Citing a belief in equality and climate justice as their reason to skip school, those who took part in the march called for a dramatic reduction in greenhouse emissions from their respective countries.

“We proved that it does matter what you do and that no one is too small to make a difference”

Young people, it seems, are the ones taking to the streets due to the lack of action from world leaders. Many, like Swedish activist Greta Thunberg, are under the impression that the adults have left this environmental mess for the children to clean up. With a belief that the press and politicians seem to be ignoring the issue, the youth are taking action into their own hands.

Young people, it seems, are the ones taking to the streets due to the lack of action from world leaders.

Whether you agree with the actions of the climate strike or not, one thing is undeniably clear. The united action around the globe reveals the solidarity of young people that are concerned about the environment. If a united strike such as this created as much conversation and debate as it did, then perhaps the time has come to listen to the kids and start doing something to act when it comes to the future of our planet.

How would YOU feel about sending your three year old to pre-school?

The prospect of seeing your little one grow up and seeing them off for their first day of school can often be bittersweet. That familiar feeling that time really does fly is especially present in these moments, so many parents would be understandably hesitant about their child starting pre-school at the age of three.

But this is exactly the plan that Bill Shorten announced at the beginning of October: a $1.75 billion subsidy for parents to allow 15 hours of pre-school for three year olds. So far, the proposal has proven a contentious topic among parents.

In unveiling this plan that is set to be implemented if Labor win the next election, the opposition leader believes it will transform childcare into “early education”.

Labor also framed the proposed subsidy as an important jump start into school, and are working by the angle that children who receive high quality education in the two years leading up to the start of their formal schooling experience long lasting positive outcomes.

That is, starting our kids in pre-school at the age of three has a supposedly high impact on their educational development for many years after.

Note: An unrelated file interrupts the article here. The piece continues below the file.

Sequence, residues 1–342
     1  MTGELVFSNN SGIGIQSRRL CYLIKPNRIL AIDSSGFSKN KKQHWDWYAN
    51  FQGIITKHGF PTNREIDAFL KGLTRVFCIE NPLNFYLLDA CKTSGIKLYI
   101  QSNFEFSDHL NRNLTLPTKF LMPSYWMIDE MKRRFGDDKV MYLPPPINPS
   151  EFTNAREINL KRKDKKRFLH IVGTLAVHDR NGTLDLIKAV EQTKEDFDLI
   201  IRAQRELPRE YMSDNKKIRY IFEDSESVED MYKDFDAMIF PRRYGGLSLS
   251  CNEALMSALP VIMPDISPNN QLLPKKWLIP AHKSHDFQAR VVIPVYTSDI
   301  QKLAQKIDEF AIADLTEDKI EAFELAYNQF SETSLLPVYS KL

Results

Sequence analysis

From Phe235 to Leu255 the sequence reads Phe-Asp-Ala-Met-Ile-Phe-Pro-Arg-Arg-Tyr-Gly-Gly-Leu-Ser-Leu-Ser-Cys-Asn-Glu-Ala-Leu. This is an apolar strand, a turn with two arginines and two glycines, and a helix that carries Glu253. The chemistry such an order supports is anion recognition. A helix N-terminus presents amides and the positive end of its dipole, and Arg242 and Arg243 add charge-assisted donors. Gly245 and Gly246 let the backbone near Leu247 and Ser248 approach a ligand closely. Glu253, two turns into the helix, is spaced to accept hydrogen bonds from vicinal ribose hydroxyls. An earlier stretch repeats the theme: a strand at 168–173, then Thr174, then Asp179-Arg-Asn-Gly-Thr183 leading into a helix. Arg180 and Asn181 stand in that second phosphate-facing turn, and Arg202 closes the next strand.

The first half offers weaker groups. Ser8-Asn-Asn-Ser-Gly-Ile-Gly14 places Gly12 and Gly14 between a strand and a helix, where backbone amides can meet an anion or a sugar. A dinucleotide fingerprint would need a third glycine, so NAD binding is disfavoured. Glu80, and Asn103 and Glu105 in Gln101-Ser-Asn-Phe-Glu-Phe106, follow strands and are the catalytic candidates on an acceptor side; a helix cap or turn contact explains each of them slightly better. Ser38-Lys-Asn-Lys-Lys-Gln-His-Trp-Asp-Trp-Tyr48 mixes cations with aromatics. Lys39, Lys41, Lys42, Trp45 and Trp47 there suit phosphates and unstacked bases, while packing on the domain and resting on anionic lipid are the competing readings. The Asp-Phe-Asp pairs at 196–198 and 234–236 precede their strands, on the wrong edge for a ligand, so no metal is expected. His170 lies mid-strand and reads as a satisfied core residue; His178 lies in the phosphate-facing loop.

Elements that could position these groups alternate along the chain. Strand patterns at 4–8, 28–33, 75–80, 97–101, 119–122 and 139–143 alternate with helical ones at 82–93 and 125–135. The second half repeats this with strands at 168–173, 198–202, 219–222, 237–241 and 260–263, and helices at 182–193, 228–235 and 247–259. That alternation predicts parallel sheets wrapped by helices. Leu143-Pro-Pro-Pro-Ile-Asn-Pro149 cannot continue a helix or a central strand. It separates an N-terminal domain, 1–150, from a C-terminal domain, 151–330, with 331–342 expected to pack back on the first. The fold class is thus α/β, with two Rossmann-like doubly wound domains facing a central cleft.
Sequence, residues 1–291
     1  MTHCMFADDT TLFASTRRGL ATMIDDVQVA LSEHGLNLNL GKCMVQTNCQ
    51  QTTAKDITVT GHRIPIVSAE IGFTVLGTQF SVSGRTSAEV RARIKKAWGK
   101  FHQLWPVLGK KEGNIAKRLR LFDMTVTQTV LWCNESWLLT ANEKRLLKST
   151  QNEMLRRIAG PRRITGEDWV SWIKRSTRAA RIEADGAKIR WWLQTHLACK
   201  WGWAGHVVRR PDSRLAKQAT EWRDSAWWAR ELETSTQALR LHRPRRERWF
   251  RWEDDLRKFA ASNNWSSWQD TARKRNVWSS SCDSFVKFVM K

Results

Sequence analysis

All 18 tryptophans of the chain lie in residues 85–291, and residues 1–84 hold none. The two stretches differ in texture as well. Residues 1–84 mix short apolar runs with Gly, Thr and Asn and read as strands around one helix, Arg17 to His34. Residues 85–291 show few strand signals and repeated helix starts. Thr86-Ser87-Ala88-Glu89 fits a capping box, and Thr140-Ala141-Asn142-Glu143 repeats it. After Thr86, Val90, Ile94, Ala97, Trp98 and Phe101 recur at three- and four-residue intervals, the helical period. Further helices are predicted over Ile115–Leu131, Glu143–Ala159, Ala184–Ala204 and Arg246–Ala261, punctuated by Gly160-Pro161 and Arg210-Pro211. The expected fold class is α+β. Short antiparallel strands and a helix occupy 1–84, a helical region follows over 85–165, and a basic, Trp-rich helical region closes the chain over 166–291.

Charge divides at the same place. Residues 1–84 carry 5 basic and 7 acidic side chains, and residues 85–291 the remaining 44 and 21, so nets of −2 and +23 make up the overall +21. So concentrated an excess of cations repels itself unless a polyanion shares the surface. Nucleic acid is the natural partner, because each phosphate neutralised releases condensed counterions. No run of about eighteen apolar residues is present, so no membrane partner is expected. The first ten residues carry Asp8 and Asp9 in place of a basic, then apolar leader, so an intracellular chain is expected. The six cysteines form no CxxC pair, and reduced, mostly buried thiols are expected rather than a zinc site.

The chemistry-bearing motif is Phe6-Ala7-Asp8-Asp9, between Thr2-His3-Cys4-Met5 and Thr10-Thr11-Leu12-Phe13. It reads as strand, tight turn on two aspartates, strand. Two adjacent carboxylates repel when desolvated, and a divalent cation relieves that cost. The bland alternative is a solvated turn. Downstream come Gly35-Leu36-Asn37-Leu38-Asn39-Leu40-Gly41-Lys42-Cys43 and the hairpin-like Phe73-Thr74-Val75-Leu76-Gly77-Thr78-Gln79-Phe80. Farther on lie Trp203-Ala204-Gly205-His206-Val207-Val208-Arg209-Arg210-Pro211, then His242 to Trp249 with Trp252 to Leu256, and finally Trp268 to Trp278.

Overall, if the plan was put into place, it would mean that it would be free for us to send our three year olds to state government run pre-school, and sending them to pre-school education at private childcare centres would be subsidised.

Shorten made it clear that the main objective of his plan was to get 90% of the three year
olds in Australia in pre-school by 2023.

That can be hard to fathom considering those children haven’t even been conceived yet!

The opposition also highlighted Australian children in comparison to foreign children of the same age, stating that Australia was behind in its pre-school education because several other countries already had high attendance rates in pre-school for three year olds.

So far, the proposal has been met with mixed reactions.

The Project’s Facebook post regarding the topic has received several hundred comments in a couple of weeks. It seems there are only few fence sitters, if any…

Phrases along the lines of “let kids be kids” and “what’s the point of having children?” are frequent, with many expressing the importance of letting children learn and develop at home. There are a number of people who also believe that the money could be better spent in other areas of education of their children, such as tertiary education in the future. One comment in particular even goes so far as to say that “danger of abuse” is evident.

It seems the conversation has also expanded to consider the logistics involved, with one woman pointing out that the proposal should not go ahead simply on the basis that staff in this area are already “underpaid and undervalued”.

On the other hand, others think it’s a good idea and will help take the pressure off working families and ease the cost of living. Many parents are also focusing on the educational format and content itself, and are advocates for the benefits of education at such an early age. Several comments support the Labor government’s way of thinking, with one mum stating that “early childhood education benefits all children”.

A number of people believe that pre-school education for three year olds can be positive in terms of social, mental and cognitive outcomes, and provides an invaluable preparation for the schooling lives of children.

This leaves us to ponder; is this proposal in the best interests of three year olds? Would we be comfortable sending our children to pre-school at an earlier age? Does the education system of other countries matter?

Where do YOU sit on this topic?

How do you choose the best school for your child? We look at the options so you can make an informed choice.

 

Choosing a school for your child is a big decision. After all, your child will be spending a large amount of their time there, so you want to ensure you choose an environment where your child will not only be happy but will be supported to reach their full potential.

Government/public education
Choosing public education is a very popular option in Australia and for good reason – the schools offer a high standard of education, and chances are, your local public school might be as close as across the road or just down the street.